With regards to myself I have purchased from Gainesville Coins in the past and I do business with other well-known companies throughout the world when it comes to Precious Metals. As for me and my community I encourage the Muslims and non-muslims alike to invest into some type of tangible item that will help you in this life. Either for when you become older or when you are in a difficult situation financially.

        There are a few historical recordings that I would like to briefly share with regards to Precious Metals being used and Islamic history. During the time of the Prophet Muhammad (peace be upon him and all prophets that came before him) there were companions such as Uthamaan ibn Affaan that gave 10,000 gold dinars to help support the army.

        Another illustrious companion of the Prophet by the name of Abu Bakr, he was well known for purchasing a from their owner by exchanging gold dinars. Once he purchased the slaves he would free them and give them to you so that they could live freely within the Society of the Muslims. He was well-known for purchasing a slave for 5 ounces of gold, he bought the companion by the name of Bilal ibn Rabah who later became the great companion that first did the Islamic call to prayer heard 5 times a day throughout Muslim communities in the world. He supported the disabled by giving wealth and feeding them.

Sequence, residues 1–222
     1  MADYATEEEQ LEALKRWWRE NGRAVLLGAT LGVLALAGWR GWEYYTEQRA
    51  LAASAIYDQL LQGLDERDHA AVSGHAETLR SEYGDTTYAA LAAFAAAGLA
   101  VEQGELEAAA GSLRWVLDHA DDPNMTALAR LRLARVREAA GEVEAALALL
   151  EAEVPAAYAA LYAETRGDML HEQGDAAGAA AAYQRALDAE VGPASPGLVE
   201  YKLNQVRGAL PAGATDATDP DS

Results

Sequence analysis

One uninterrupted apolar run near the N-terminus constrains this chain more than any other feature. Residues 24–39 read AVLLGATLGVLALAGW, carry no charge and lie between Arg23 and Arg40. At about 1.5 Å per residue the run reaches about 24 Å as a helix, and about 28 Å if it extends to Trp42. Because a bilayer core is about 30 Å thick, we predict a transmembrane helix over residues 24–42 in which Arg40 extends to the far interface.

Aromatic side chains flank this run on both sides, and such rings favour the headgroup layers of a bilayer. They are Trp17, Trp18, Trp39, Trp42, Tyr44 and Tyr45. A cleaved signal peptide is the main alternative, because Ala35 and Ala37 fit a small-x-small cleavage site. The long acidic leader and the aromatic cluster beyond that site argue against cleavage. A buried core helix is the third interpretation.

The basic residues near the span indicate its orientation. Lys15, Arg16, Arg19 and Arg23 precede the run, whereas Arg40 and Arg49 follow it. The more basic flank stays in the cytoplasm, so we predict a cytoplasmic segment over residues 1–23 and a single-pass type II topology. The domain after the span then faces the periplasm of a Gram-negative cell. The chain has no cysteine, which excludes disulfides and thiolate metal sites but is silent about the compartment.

These are only a very few of the many historical recordings that showed precious metals being used in the Islamic world for good causes.

        Again I want to thank you for your time, for your cooperation and for your kindness in reading and recognizing that precious metals has always played an important role in Islamic civilization of the past and present and the future

      2. Everett Millman Post author

        Great to hear from you, Abdulhakeem. You are quite right about the usefulness of precious metals in anyone’s portfolio. I love the historical background your provided about the role gold has played in even the earliest years of the Islamic community. People of all creeds and national origins will find similar accounts of the important place that precious metals have occupied in finance, charity, and the history of money. Their appeal is universal, and this is reflected in our personal and cultural histories.

        Again, thank you very much for engaging! The world could use more thoughtful conversations like this. We can all learn from one another.

    2. AbdurRahim Hynson

      As’salaamu alaikum AbdulHakeem this blog and sharing of information historical points in Islam were very enlightening, knew that one companion done the trading of precious metals to free slaves, but the rest I haven’t the chance to research the particulars, I must say I will for the sake of zakat my own family for understanding.. InshaAllah Jazakullah khairun.